It should be noted that some parts of vests, such as fastening straps, are still made of reinforced nylon even in the 21st century. Similarly, it is important to mention that the highest quality vests have fiber layers treated with a water-repellent finish - the resistance of materials when wet decreases because water acts as a „lubricant“.

Another criterion you should not overlook is the correct size. The vest must fit perfectly - and don't automatically count on the possibility of adjustment by tightening, as with the waist circumference of tactical pants. While the vest can usually be adjusted to body proportions in the shoulder area, it is usually only minimal. Underestimating thorough testing can have fatal consequences in action.

Choosing a small vest exposes the upper chest or abdomen above the belt. Alternatively, the vest may not be securely fastened on dry zippers; during action, it may come undone - and there are few things more useless than an exposed ballistic vest with its dangling parts hindering movement. A poorly fitted vest also exposes the hips under the shoulders, and thus most of the internal organs.

When using a model that is too large, the fighter becomes an unwieldy monster that endangers itself. A vest that is overly large may constrict the upper edge of the front part while sitting in a vehicle, while the lower edge prevents access to the belt - so „digging out“ a spare magazine or handcuffs is difficult.

Levels of protection

For easier orientation, vests are divided into several categories, or rather standards of ballistic resistance classes (TBO). The most commonly used classification is the American one according to the National Institute of Justice (NIJ), which distinguishes four basic classes. The lightest Type I vests stop bullets up to .22 LR and .380 ACP at speeds around 330 m/s, which NIJ practically does not consider bulletproof anymore. Type II can handle even .357 Magnum at 436 m/s, Type III stops rifle bullets like 7.62×51 mm (e.g., American M14) and 7.62×39 mm (Russian AK-47). Type IV includes vests that stop even special projectiles designed to penetrate vests, which travel at speeds up to 878 m/s. The younger and very strict Czech standard ČSN 39 5360 is also widely used.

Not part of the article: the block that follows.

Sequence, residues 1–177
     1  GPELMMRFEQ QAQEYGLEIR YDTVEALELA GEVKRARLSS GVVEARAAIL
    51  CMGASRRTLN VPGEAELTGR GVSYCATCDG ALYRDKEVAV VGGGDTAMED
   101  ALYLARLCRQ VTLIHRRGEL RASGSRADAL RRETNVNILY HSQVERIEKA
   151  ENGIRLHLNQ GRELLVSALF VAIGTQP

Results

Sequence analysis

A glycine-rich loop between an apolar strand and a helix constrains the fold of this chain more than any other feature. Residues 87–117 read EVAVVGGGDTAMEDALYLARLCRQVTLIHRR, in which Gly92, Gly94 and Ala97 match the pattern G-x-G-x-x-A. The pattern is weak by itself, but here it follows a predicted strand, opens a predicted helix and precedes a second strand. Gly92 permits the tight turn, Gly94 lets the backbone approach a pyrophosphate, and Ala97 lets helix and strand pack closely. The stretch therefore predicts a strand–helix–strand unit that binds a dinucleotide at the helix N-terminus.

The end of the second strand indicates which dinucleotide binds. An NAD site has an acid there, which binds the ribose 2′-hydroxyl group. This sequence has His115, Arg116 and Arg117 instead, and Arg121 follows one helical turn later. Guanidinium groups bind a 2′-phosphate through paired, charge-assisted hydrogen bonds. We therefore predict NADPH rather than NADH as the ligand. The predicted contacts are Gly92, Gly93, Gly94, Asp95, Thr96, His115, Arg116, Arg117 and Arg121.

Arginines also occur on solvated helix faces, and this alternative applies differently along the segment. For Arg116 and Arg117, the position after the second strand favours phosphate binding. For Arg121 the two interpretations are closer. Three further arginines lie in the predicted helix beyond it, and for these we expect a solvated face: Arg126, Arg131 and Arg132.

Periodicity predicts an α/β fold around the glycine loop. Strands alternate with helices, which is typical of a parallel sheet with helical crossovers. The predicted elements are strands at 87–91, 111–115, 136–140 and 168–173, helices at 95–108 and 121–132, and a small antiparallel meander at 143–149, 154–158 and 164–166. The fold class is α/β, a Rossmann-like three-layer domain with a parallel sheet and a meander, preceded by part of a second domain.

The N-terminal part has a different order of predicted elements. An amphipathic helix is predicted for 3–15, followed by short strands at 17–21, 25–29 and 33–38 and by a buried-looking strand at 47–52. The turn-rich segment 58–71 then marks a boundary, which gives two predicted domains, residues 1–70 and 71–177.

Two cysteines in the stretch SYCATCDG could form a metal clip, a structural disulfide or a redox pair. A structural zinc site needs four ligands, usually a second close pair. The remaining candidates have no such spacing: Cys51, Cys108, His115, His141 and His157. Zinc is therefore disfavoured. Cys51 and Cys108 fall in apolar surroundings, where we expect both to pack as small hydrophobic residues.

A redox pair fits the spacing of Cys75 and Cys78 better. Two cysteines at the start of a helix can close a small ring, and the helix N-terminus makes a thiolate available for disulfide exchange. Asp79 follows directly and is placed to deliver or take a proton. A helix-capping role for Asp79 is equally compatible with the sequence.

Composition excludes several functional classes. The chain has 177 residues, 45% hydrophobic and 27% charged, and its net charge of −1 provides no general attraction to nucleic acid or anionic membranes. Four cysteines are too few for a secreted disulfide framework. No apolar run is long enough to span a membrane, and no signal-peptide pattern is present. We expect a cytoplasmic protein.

However, regardless of the category the vest falls into, there is no one hundred percent reliable protection. An absolutely bulletproof vest is probably as much nonsense as an unsinkable ship, because effectiveness is influenced by many factors. For example, bullets of the same caliber, but different constructions - such as semi-jacketed ones - can be captured by the vest with different results. The deformability of the bullet and its external shape have a key impact. "Bees" with a steel core exhibit exceptionally high penetration, where minimal deformation occurs, so only a limited number of fibers can engage in slowing it down. Manufacturers guarantee resistance to such ammunition only when using an additional metal or ceramic panel.